For more on Feifer's book, see the book page.
Jones is a RAND Corp. political scientist, based in Washington DC. His resume includes visiting Afghanistan "over a dozen times since the September 11, 2001, terrorist attacks." His book promises to be the first comprehensive history of the first 7 years of the US occupation of Afghanistan. It's fairly spotty in that regard: neither a military history nor a political history; despite a few first-person stories, not what you'd call journalism either. He throws in a few pages on Alexander and Tamerlane and Babur and Rudyard Kipling, but he doesn't offer much depth. He does offer some sociological concepts, and sketches out a comparative set of insurgency studies. And he winds up with a few prescriptions that never once call into question the premises of the problem. In a nutshell, this is what passes for analytical thinking in DC these days. Lord help us.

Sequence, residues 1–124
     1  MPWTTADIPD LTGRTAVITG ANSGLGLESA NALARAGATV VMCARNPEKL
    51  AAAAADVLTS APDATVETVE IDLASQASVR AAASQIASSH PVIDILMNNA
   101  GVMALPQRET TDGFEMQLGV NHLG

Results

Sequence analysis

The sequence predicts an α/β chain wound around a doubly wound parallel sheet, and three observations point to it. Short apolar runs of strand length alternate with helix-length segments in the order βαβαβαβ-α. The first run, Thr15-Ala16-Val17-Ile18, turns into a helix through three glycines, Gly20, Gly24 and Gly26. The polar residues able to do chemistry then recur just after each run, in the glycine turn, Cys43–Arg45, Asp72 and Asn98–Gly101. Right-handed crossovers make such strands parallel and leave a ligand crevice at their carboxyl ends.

For more on Jones' book, see the book page.
At the end of Jones' book, he makes a set of recommendations for turning the war around. He argues that at least some Americans have always understood Afghanistan (ambassadors Zalmay Khalilzad and Ronald Neumann are his examples) and that the problems were caused by political leaders who didn't listen to good advise (no names, but I know a Bush when I smell one). Then he blames the insurgency on "too little outside support for the Afghan government and too much support for insurgents." That led me to comment:
He then proposed to fix this by building up a non-corrupt government, working more with local institutions than with national ones, and persuading Pakistan to shut down the safe havens the Taliban are using in Pakistani territory. For comments on those, follow the link above.